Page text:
What’s next for pharma whistleblowers

    2009 was a record-setting year for legal settlements against pharmaceutical companies.

    The biggest lawsuit settlements against pharmaceutical companies happened this year…and they happened in Philadelphia. Some of the lawyers involved in those cases met at Drexel University recently to discuss the future of lawsuits like these.
    (Photo: http://www.flickr.com/photos/slayer23/ / CC BY-NC 2.0)

    Listen: [audio:0919023kgwhistle.mp3]

    Stephen Sheller represented some of the whistleblowers that brought on a massive penalty against drug company Eli Lilly. The company was accused of marketing an anti-psychotic drug for conditions that the FDA didn’t OK.

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    Sheller explains, there’s a lot of money at stake when drug companies mis-market their medications.

    Sheller: 2.3 billion in Pfizer, 1.415 billion in the Lilly case. That’s $3.7 billion dollars this year…You’re going to see more of it. And with the Obama administration, hopefully we’ll see some real enforcement.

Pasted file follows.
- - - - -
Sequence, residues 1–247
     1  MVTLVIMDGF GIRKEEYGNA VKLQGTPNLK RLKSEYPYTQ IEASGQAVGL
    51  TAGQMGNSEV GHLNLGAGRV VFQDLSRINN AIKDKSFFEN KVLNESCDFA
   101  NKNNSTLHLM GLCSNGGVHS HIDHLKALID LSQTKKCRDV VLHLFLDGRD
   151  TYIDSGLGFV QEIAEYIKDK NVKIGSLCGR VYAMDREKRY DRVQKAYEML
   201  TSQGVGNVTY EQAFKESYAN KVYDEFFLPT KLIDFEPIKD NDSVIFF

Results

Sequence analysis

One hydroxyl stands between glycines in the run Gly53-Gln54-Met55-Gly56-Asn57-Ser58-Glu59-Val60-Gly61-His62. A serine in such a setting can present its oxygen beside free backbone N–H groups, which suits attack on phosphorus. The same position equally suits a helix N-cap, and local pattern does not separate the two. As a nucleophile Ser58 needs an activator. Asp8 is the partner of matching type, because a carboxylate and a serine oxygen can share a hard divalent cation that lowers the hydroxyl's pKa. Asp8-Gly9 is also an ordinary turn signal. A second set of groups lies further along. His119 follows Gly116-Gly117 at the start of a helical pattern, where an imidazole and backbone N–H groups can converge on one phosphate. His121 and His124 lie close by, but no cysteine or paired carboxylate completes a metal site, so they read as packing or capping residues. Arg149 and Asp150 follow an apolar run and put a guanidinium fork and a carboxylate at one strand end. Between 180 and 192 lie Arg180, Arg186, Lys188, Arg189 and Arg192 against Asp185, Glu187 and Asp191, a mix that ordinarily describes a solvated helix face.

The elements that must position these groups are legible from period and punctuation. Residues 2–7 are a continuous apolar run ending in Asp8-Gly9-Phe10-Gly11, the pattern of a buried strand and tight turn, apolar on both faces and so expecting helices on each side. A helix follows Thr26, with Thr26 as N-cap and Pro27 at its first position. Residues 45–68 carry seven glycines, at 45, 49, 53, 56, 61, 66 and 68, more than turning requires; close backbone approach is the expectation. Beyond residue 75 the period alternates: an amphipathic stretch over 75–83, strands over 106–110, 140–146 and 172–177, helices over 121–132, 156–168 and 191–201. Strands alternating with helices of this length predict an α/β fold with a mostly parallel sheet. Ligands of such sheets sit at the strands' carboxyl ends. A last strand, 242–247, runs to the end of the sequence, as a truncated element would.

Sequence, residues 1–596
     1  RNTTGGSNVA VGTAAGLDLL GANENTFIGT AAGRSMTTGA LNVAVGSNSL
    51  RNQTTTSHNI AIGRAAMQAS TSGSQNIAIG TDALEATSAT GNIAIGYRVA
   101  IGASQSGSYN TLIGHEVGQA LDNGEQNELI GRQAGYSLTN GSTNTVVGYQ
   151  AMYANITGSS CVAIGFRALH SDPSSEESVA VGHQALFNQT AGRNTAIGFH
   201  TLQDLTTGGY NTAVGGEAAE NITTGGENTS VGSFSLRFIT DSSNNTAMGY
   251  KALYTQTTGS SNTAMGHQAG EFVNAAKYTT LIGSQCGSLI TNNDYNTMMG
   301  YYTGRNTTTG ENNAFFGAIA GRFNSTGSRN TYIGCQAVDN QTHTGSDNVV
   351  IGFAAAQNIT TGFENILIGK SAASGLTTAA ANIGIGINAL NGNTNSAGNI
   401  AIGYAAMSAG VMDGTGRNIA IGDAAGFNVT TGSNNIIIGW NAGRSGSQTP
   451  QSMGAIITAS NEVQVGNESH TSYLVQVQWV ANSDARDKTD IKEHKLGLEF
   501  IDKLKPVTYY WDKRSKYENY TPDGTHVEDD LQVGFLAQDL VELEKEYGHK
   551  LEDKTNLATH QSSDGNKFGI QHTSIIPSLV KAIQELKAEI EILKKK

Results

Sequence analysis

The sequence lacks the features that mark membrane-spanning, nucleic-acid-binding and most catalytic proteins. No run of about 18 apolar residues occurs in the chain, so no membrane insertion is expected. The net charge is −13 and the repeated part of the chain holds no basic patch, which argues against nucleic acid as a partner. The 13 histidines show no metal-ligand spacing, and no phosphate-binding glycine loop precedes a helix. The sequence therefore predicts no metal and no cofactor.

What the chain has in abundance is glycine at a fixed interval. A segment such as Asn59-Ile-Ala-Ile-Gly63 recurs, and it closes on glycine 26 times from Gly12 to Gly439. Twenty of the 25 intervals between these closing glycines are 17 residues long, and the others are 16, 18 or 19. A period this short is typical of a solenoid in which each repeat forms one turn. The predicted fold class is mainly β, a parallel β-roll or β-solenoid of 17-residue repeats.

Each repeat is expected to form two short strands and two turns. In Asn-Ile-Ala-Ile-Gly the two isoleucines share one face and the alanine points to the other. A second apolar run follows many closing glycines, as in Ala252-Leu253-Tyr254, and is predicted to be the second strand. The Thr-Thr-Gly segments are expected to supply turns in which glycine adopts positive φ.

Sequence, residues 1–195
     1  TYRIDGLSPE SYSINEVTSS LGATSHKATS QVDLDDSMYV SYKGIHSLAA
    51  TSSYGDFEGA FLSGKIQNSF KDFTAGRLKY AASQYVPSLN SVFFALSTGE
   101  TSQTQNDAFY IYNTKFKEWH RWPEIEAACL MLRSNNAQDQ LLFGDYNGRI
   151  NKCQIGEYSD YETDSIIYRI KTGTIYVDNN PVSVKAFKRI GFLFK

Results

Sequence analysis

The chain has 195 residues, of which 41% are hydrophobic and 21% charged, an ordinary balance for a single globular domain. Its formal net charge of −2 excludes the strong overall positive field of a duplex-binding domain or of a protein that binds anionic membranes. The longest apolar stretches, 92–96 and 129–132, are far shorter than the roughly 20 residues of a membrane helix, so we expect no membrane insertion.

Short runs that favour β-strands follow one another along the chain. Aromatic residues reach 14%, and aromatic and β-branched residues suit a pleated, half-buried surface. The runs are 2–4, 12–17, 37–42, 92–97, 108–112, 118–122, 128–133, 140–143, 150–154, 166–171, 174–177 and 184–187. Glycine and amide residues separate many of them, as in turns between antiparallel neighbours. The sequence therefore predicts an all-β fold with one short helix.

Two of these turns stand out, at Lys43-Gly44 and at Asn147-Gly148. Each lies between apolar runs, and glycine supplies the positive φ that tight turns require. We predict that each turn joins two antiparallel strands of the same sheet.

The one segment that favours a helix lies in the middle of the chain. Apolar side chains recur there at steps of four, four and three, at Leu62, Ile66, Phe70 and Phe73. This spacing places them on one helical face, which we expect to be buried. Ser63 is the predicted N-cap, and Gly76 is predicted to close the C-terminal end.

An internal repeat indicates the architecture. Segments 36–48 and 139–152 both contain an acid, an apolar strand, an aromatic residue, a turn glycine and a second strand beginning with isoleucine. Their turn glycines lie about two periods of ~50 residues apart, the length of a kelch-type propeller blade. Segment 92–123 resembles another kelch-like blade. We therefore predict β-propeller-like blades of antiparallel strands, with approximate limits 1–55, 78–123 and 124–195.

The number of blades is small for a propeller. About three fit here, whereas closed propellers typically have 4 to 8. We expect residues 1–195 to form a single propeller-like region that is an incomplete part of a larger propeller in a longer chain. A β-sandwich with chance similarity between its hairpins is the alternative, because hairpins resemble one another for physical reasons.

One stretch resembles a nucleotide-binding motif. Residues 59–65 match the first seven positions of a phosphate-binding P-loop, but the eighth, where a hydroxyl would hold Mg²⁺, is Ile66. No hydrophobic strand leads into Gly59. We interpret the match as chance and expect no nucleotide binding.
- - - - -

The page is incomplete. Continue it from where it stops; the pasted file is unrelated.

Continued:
Tom Gallagher represented Eli Lilly. He says there’s an expectation that the Obama administration will give greater scrutiny to drug advertising.

    Gallagher: Will enforcement increase? I suspect it will. I suspect it will be signifcant attention being paid by the government on these companies. And I can assure that companies know that and are also increasing their commitment to compliance as well.

    Lawyers at the event say they expect health care reform will lead to additional lawsuits against pharmceutical companies. They say that’s because a bigger health care industry provides more opportunities for fraud.

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